CHOICE TOUR OPTION: I took a baking class and made Irish Soda Bread and scones. It was fun – and delicious – and I loved the personal connection with our baking instructors as much as the finished baked goods. Read more about the history of Irish Soda bread and the baking class here. (Other choice tour options were a guided e-bike tour of Westport and a trip to Achill Island along the Wild Atlantic Way.)

Day 4: Kylemore Abbey, Maam Cross, Galway

Next up was moving on to Kylemore Abbey, otherwise known as Benedictine Abbey.

The abbey is a grand castle and monastery that was once a castle owned by Mitchell Henry, a wealthy doctor from London. He used it as his private family home. The castle covers approximately 40,000 square feet and has over 70 rooms. It also has a Gothic church and family mausoleum on the grounds.

Since 1920, it has been a monastery run by Benedictine nuns. The Order originally moved here after fleeing war-torn Belgium during WWI. In 1919, the monastery was opened to the public for tours and for exploring the grounds.

A self-guided tour of the castle provided a glimpse into how the landed gentry lived, and wow – they lived well. Kylemore Abbey is widely visited not only for its magnificent decor and design, but also for its surrounding landscape in the foothills of Connemara National Park and Pollacapall Lough.

After visiting Kilmore Abbey, we headed to Maam Cross, a famous settlement at the crossroads where Connemara and County Galway meet. 

Maam Cross is famous for its boggy landscape, a product of its location surrounded by mountains, lakes, and marshes. It’s only a small town (if you can call it that) with a gas station, a small inn, a restaurant, and a gift shop. There’s not much else there. Strangely, it hosts a weekly agricultural market where sheep, cattle, and Connemara ponies are sold.

This was a quick stop to take a peek at waterfalls and interesting landscape, before heading on to Galway.

CHOICE TOUR OPTION: A food tour! (You’ll probably detect a theme in my touring options.) We met with a local tour guide for a walk around town with a local food tour operator. We made numerous stops for tasty bite representative of Irish cuisine. we had oysters, cheese, pastries, ice cream, and beer. If only I had logged enough steps to burn off all those delicious calories! (The other choice touring option was a walking tour of Galway.)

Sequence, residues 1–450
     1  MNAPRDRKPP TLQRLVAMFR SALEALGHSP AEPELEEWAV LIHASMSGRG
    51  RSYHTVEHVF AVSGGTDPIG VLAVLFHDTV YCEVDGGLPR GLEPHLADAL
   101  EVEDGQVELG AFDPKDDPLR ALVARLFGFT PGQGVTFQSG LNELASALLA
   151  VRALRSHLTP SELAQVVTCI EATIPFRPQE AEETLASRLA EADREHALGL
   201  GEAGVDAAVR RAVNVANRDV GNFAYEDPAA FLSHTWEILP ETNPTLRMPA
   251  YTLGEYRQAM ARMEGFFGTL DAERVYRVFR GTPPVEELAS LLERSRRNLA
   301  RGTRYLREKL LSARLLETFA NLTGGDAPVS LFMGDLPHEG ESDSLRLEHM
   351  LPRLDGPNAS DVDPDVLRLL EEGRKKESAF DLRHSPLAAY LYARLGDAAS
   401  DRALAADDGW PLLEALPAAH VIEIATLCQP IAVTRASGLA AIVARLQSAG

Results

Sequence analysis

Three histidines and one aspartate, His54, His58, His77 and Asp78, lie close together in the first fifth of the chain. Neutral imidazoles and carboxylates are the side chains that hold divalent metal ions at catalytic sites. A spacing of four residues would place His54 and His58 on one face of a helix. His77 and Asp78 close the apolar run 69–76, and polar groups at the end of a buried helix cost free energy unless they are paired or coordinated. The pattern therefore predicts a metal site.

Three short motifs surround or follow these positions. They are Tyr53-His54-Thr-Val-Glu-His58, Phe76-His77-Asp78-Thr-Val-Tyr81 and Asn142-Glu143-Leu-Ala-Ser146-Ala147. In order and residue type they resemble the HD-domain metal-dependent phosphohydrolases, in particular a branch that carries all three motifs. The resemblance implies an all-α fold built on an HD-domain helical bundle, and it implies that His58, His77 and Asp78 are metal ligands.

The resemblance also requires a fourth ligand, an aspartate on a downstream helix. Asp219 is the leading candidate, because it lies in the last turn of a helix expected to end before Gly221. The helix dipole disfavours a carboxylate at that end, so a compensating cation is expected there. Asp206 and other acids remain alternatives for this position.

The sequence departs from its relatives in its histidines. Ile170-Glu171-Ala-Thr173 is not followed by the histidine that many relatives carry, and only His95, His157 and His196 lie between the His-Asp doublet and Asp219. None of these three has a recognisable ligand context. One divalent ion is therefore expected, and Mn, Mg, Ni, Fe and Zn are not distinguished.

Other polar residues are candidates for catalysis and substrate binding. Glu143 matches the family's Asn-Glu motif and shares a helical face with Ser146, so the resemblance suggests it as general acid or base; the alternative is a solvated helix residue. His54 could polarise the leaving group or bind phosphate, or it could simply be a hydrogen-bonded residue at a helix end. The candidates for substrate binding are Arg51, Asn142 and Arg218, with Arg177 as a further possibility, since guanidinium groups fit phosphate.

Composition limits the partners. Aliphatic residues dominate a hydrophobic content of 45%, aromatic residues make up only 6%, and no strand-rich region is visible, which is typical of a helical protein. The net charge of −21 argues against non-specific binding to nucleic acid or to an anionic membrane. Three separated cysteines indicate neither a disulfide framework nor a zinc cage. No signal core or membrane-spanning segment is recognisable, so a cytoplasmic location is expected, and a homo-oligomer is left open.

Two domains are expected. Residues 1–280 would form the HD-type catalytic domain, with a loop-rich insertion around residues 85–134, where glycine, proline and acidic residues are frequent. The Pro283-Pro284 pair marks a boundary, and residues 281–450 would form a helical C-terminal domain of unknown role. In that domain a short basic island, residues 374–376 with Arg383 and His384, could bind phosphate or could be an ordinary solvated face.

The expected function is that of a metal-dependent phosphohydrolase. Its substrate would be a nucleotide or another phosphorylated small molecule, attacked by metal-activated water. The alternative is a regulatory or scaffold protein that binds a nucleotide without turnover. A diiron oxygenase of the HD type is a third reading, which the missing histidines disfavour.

Day 5: Galway and Aran Islands

Galway was originally founded as a fishing village and lies where the Corrib River flows into the stunning Galway Bay. The original inhabitants were Norman settlers, who came to Ireland in 1169.

Galway is also known as “The City of the Tribes” because it was once home to the Tribes of Galway, 14 merchant families who dominated the commercial, political, and social life of the city from the mid-13th until the late 19th century. The names Skerrett, Darcy, and Blake may not be as well known as the Medici’s of Italy, but they were every bit as powerful.

Nowadays, Galway is more famous for its events and festivals. It hosts around 122 festivals and events per year, including fringe festivals, film festivals, and food festivals. No matter when you visit, there’s probably a festival going on. Galway is also a UNESCO City of Film.

Just a short ferry ride (about 30 minutes) from Galway is the Aran Islands, three wild, untamed islands known for their rugged landscapes and wildlife. The islands have a small population of just over 1,000 residents. We visited Inishmore, the largest of the islands. This is the place to soak up some true, rural Irish heritage in one of the few communities that still speak Irish Gaelic (though they are also fluent in English).

ti joe watty pub in the aran islands ireland

It was a perfect day trip from Galway. We had lunch at Ti Joe Watty’s pub, enjoyed some music and storytelling, and then set off to explore.

grave stone of a celtic cross
ruins of a cemetery in ireland
ruins of a stone house in ireland

The rocky islands are full of ancient sites, medieval ruins, and natural tidal pools. Time and again, I remarked how much I enjoyed the scenic drive of this Ireland road trip. And how glad I was that I wasn’t in a rental car with Tony driving. The twists and turns of the roads, the narrow lanes with steep edges and no shoulder, and my need to conquer my fear of edges, all were banished by the capable hands of our driver. Driving Irish roads, especially rural ones, is not for the faint of heart.